There are numerous online papers that describe what Bitcoin is in great detail, but some still fall flat. Bitcoin mainly refers to a unit of the Bitcoin digital currency, better known as a cryptocurrency. Some might have heard the term incorrectly used when talking about blockchain technology in general.
So what is Bitcoin to the mainstream audience?
Dissimilar to traditional fiat money, there is no local government or central bank dominating over Bitcoin. To keep inflation under control, the supply of Bitcoin that is slowly mined is capped, which means that only 21 million coins will ever exist.
Overall, Bitcoin is much more than just a cryptocurrency to be used for global payments – it is also an unchangeable, global public data register that anyone can use to power blockchain apps.
Bitcoin as Great Medium of Exchange
The basic blockchain technology is created to preserve the decency of data and transactions — the blockchain registers for good all confirmed transactions via a process known as mining. Every transaction is digitally signed and authenticated through cryptographic methods that secure the fact that the funds cannot be spent multiple times.
Bitcoin mining is the process through which new coins are generated. Mining depends on cryptographic hash functions and the Proof-of-Work (PoW) consensus algorithm. Modifying the Bitcoin blockchain via mining asks for the whole system to be unraveled record-by-record, as every block includes the hash of the previous block. To do so would require the offender to expend an extremely insane amount of capital and resources.
What is Blockchain?
As mentioned already, the Bitcoin blockchain is a global distributed ledger that includes data blocks consecutively connected in a chain. Each block has information about the prior block, which is copied and placed on various Bitcoin mining nodes without being linked to one particular server – this makes the exchange of records impossible.
The Bitcoin blockchain is divided and maintained by numerous interconnected parties, so those who participate in the network do not need to put their trust in one person or company to have an accurate copy of the ledger. The structure is permanent and led by a consensus system so that there’s not just one source of making decisions.
How the Bitcoin Blockchain Works
Users circulate transactions onto the Bitcoin (BSV) network, and when the request arrives on the network, it is validated and then added to a pool of pending transactions. The digital signature authenticates its security and accuracy, which can make it impossible for fake transactions to pass.
Bitcoin is a permissionless, P2P financial network, allowing users to transact freely with each other based on the belief that they can be the owners of their data, meaning that the signing of the transaction demonstrates possession.
The applications of the blockchain technology broaden beyond cryptocurrency and money transfer and are useful for a number of other applications, which include many various industries.
What is a Bitcoin Wallet?
Normally, a wallet is a case in which we carry paper money, credit cards, and other objects. While many may believe that a cryptocurrency wallet has the same attributes as a regular wallet, it actually functions differently.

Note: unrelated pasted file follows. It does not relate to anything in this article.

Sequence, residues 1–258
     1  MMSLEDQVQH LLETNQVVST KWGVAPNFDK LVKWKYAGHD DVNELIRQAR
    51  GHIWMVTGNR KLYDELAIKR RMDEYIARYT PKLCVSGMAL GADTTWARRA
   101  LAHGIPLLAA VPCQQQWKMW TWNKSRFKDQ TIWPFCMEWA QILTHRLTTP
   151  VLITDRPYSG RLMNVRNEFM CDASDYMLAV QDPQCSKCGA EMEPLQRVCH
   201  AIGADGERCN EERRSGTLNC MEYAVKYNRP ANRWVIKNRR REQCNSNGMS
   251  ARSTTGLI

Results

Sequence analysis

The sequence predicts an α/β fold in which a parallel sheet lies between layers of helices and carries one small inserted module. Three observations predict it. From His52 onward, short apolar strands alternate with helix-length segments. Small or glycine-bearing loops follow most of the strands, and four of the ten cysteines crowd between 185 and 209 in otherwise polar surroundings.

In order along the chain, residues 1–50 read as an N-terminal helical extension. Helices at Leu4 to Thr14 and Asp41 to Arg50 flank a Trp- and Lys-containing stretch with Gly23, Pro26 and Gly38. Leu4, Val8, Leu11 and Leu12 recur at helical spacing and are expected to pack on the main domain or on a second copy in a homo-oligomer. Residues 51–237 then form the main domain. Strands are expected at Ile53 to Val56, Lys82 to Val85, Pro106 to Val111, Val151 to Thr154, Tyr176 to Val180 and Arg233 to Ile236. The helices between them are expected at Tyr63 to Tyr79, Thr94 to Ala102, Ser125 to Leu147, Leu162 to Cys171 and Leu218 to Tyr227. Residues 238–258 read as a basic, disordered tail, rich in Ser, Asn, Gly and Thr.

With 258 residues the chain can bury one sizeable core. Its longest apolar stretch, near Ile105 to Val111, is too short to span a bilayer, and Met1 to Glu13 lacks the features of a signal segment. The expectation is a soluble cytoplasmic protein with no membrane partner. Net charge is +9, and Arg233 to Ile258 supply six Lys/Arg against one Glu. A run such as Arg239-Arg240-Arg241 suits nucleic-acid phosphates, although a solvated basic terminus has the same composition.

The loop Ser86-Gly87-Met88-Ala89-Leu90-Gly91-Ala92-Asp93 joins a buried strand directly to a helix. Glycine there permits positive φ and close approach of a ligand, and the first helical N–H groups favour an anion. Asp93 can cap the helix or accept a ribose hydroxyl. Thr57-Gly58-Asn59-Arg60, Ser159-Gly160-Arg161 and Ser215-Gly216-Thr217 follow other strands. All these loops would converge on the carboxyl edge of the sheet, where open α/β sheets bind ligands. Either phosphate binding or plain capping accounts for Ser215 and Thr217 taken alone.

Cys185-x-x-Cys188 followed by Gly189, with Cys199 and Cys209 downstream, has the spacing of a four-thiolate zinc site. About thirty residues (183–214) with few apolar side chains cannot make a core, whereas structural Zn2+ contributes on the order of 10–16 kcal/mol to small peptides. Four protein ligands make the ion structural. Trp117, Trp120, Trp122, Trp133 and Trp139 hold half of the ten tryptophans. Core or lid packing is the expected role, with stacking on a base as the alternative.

Bitcoin is practically a record of transactions on the blockchain. The coin never leaves the blockchain, so, basically, a cryptocurrency wallet is a misnomer as it doesn’t actually store the coins.
Rather, a Bitcoin wallet is an instrument that cooperates with the Bitcoin SV blockchain to send, receive, and control the Bitcoin allocated to addresses. When a user sends Bitcoin, they are transferring possession of the digital currency from one address to another.
How is Bitcoin Doing Now?
The king coin has seen a lot of action in the last period. After recovering 6.3 percent from a drop to $11,200 on August 11th, Bitcoin’s price seems to be preparing for a third run to the $12,000 mark.
This follows a week of bullish news, amid the weakening of the U.S. dollar. The daily timeframe depicts Bitcoin continuing to make higher lows as the price solidifies into a stricter range between $11,200 and $11,800.
In a recent post, market intelligence firm Stack Funds said:
“A retest of the $12,000 level is in sight as the formation of a bull flag crystallizes. Stack believes that the current market structure will continue to remain intact unless the $10,500 level is breached. Given the current economic backdrop coupled with the weakening dollar, we should continue to see bullish momentum moving forward for Bitcoin.”
The company also highlighted Bitcoin’s increasing association with gold, mentioning that BTC price corrected 2.7 percent as gold retraced by 9 percent this week. As per the firm, a unique feature of Bitcoin is that the asset is somewhat protected from wider market volatility as its association with gold and equities change depending on the price action with each market.
“Despite the recent spike in BTC–Gold correlation touching March highs, the record decline in gold this week has not impacted Bitcoin price significantly, as the digital asset catches back on to the equity-like relationship to maintain its upward price trajectory.”